While the prevention work continues to target individual perpetrators of violence, we pay equal attention to the ways in which gender based violence manifests structurally.
Gender based violence is the result of unequal power relations and finds formal expression in laws, policies and norms that entrench these unequal power relations and perpetuate violence. Gender based violence manifests at all levels of society, but interventions lack sufficient emphasis on the macroeconomic level at which gender-based violence is embedded through the policy choices at institutional level – both nationally and internationally. These systematically ignore the needs and realities of women and girls, including by eroding the already poorly resourced public services they rely on and failing to prioritize their wellbeing.
It is widely documented that gender-based violence continues to be a largely ignored, global pandemic which tends to be exacerbated by crises.
One in every three women, or approximately 736 million women, have been subjected to intimate partner violence, non-partner sexual violence or both at least once in their lifetime. This does not account for the one woman every 11 minutes who is killed by her partner.
Gender-based violence is not only a violation of individual women’s and girls’ rights. The majority (55-95%) of women survivors of violence do not disclose or seek any type of services. The impunity enjoyed by perpetrators, and the fear generated by their actions, has an effect on all women and girls.
Many people across the world are in situations of exploitation that they cannot refuse or leave because of threats, violence, coercion or deception. The general term applied to this situation is modern slavery, and it includes forced labour, forced or servile marriage, debt bondage, sexual exploitation, human trafficking, child labour and the sale and other forms of exploitation of children. The number of people in modern slavery continues to rise, with 11.8 million women and girls being in forced labour.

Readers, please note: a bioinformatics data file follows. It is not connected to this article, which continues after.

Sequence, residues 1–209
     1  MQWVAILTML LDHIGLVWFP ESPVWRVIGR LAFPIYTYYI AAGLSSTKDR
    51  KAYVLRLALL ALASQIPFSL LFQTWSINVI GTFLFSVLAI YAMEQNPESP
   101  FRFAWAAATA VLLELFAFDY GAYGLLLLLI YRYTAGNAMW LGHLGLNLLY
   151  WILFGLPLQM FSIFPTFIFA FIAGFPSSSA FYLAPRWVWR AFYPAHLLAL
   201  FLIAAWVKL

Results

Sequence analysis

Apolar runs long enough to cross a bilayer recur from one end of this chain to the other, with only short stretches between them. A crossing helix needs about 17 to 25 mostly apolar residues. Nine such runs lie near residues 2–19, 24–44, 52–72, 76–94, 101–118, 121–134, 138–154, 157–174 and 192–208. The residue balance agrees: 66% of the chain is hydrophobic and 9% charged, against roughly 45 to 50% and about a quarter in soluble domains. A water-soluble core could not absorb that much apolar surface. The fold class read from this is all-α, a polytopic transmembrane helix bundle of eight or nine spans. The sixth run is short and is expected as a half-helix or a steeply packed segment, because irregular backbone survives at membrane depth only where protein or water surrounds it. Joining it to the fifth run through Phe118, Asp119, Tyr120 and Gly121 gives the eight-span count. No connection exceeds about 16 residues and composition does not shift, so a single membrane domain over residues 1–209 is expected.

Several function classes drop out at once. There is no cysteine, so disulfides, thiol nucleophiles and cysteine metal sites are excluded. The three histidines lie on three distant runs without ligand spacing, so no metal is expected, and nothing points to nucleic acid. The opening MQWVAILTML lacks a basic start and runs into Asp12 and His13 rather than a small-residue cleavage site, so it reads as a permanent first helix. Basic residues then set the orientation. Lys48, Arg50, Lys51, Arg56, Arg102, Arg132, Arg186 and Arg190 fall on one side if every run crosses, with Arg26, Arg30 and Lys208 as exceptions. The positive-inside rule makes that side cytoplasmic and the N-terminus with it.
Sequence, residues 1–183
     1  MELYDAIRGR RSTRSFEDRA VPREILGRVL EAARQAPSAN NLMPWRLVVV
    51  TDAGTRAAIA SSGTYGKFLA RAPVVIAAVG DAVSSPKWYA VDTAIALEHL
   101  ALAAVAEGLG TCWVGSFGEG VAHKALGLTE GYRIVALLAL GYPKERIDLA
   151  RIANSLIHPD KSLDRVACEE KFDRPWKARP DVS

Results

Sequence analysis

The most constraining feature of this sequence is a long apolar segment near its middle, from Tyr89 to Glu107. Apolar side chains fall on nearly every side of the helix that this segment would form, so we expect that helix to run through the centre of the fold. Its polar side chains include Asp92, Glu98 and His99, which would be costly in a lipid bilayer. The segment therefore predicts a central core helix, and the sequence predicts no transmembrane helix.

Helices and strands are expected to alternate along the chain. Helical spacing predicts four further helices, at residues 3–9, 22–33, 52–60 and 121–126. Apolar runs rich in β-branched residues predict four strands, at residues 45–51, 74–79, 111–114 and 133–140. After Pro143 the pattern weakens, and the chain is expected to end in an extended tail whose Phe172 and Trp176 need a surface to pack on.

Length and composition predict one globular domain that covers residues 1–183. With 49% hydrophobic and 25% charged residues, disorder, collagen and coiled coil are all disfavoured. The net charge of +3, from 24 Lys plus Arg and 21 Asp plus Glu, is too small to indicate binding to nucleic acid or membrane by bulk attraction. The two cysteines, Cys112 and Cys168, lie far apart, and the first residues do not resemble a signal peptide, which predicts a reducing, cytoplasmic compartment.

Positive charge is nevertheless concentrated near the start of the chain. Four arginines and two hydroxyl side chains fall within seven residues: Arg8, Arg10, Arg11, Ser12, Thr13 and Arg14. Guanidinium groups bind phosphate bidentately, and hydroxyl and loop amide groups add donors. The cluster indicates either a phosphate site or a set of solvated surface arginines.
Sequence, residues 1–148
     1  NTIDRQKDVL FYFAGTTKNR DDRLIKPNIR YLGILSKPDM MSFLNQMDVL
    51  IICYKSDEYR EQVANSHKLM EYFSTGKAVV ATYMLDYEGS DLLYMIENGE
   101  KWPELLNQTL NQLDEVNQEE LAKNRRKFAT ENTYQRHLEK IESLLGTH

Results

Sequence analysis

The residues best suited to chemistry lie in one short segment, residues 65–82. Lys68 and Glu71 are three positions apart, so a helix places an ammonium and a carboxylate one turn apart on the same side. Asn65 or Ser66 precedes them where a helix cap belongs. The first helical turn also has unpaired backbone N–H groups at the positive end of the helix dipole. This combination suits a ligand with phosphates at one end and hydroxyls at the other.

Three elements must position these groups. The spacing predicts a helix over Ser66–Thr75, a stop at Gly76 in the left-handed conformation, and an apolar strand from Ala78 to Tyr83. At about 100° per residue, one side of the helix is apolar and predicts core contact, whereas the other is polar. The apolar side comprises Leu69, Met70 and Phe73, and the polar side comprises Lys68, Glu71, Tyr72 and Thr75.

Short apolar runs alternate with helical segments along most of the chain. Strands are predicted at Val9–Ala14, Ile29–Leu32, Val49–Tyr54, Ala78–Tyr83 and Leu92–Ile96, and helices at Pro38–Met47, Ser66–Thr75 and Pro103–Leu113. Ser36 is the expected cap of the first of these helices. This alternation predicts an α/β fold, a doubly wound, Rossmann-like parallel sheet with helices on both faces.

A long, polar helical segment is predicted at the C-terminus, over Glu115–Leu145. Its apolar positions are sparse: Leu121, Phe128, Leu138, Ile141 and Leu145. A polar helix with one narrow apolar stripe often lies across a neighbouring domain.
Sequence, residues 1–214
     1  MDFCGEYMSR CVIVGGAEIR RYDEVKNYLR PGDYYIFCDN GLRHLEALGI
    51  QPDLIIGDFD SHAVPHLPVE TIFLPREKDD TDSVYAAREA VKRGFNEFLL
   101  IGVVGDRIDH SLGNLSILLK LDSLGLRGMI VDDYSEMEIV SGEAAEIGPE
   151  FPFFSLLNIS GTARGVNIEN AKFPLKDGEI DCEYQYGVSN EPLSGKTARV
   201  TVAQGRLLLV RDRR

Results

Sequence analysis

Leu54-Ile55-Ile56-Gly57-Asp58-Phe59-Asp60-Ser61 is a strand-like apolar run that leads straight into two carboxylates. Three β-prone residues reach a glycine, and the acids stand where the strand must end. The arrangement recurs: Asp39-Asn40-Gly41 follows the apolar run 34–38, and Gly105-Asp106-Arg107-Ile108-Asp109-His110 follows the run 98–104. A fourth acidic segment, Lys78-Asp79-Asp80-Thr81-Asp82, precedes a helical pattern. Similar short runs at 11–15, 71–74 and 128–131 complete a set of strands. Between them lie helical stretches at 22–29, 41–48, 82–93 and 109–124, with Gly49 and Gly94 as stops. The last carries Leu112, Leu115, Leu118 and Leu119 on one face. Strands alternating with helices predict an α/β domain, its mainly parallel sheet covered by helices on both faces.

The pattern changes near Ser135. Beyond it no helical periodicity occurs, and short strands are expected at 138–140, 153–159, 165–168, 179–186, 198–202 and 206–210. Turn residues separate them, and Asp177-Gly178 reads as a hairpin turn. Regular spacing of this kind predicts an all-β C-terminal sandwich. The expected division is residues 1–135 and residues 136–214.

Call to Action to Prevent Gender Based Violence
States should extend social protection to all workers, including workers in the informal economy and migrant workers to reduce socio-economic vulnerability, labour exploitation, forced labour and human trafficking – all of which propagate gender based violence.
States should ratify International Labour Organisation (ILO) Convention 190 (C190) on violence and harassment in the world of work and put in place national laws and regulations to address violence and harassment in in the world of work. States should also ensure that employers implement the provisions of ILO C190 and Recommendation 206 (R206) through workplace policies and collective bargaining agreements.
States should commit to the ongoing United Nations (UN) process to agree a legally binding instrument to regulate, in international human rights law, the activities of transnational corporations and other business enterprises; this instrument should recognise, promote and protect women’s rights, paying special attention to indigenous women, women peasant and small farmers, women from other minority groups and women human rights defenders, who are regularly subjected to gender- related targeting, violence and killing while defending their communities against the harmful.
Learn more about the #HerStory Campaign and read the stories of women survivors of modern slavery here.